Trade with EU countries represented 59% of total trade in 2022: in this period, the share of EU countries was 73.4% of total export and 51.6% of total imports. The main trade export destinations were Italy (43.2 %), Kosovo (7.8%), Germany (6.6%), Greece (5.2%) and Spain (4.8%); whereas imports came chiefly from Italy (21.7%), Turkey(12.1%), China (8.2%), Greece (7.8%), and Germany (6.2% - data Instat).

Albania's trade balance is structurally in deficit, mainly because exports are neither sufficiently diversified nor competitive in terms of price and because of the country’s narrow production base. In 2021, merchandise exports reached USD 3.5 billion (+42% y-o-y), while imports increased at a slower pace (38.5%), to reach USD 7.7 billion. However, the country is a net exporter of commercial services, which stood at USD 4 billion against USD 2 billion in imports (+65.4% and +59.1% y-o-y, respectively - data by WTO). According to data from the Institute of Statistics, Albania’s exports surged by by 32% in 2022, to ALL 486.7 billion against ALL 950.3 billion in imports (+18.7%).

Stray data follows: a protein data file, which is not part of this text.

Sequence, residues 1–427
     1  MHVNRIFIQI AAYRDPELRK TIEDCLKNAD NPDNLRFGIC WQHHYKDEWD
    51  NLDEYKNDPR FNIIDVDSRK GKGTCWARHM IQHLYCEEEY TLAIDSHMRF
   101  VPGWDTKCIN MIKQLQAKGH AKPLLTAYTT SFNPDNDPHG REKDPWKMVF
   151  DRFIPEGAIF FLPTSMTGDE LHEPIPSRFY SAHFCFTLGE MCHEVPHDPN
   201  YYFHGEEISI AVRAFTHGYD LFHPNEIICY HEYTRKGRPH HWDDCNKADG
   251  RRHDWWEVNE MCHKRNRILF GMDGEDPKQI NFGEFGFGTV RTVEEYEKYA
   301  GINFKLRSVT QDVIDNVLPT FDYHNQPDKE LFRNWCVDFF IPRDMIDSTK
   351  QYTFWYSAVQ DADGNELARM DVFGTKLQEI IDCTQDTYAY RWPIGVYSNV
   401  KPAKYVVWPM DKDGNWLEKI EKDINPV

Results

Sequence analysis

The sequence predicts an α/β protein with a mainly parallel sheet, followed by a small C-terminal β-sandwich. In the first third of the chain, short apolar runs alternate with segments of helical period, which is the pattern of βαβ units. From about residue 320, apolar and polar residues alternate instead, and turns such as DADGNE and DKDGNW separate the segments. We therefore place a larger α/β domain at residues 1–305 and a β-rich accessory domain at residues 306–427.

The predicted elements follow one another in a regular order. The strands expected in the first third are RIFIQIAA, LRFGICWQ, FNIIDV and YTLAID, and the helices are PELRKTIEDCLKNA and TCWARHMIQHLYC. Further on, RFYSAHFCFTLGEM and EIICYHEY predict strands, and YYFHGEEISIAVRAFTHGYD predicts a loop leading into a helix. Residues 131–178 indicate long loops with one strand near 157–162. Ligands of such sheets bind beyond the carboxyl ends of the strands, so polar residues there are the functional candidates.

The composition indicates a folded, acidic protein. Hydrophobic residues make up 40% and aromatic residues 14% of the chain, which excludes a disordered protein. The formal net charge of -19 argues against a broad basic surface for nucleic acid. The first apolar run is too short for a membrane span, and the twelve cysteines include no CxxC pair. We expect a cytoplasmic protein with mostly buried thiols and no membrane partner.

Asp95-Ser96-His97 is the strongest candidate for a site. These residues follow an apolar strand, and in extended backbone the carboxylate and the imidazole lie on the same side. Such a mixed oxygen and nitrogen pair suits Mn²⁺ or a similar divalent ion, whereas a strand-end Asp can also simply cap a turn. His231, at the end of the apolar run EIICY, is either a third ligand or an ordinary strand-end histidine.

Foreign Trade Indicators 20172018201920202021
Imports of Goods (million USD) 5,2715,9255,8975,5707,718
Exports of Goods (million USD) 2,2922,8702,7162,5063,559
Imports of Services (million USD) 1,8982,1932,3011,2541,996
Exports of Services (million USD) 3,1933,5743,7432,4744,094
Imports of Goods and Services (Annual % Change)
Exports of Goods and Services (Annual % Change)
Imports of Goods and Services (in % of GDP) 46.645.
Exports of Goods and Services (in % of GDP) 31.631.631.322.730.6
Trade Balance (million USD) -3,205-3,381-3,517-3,420-4,514
Trade Balance (Including Service) (million USD) -1,979-2,070-2,103-2,210-2,392
Foreign Trade (in % of GDP) 78.276.876.360.074.5

Source: WTO – World Trade Organisation ; World Bank , Latest Available Data


Main Partner Countries

Main Customers
(% of Exports)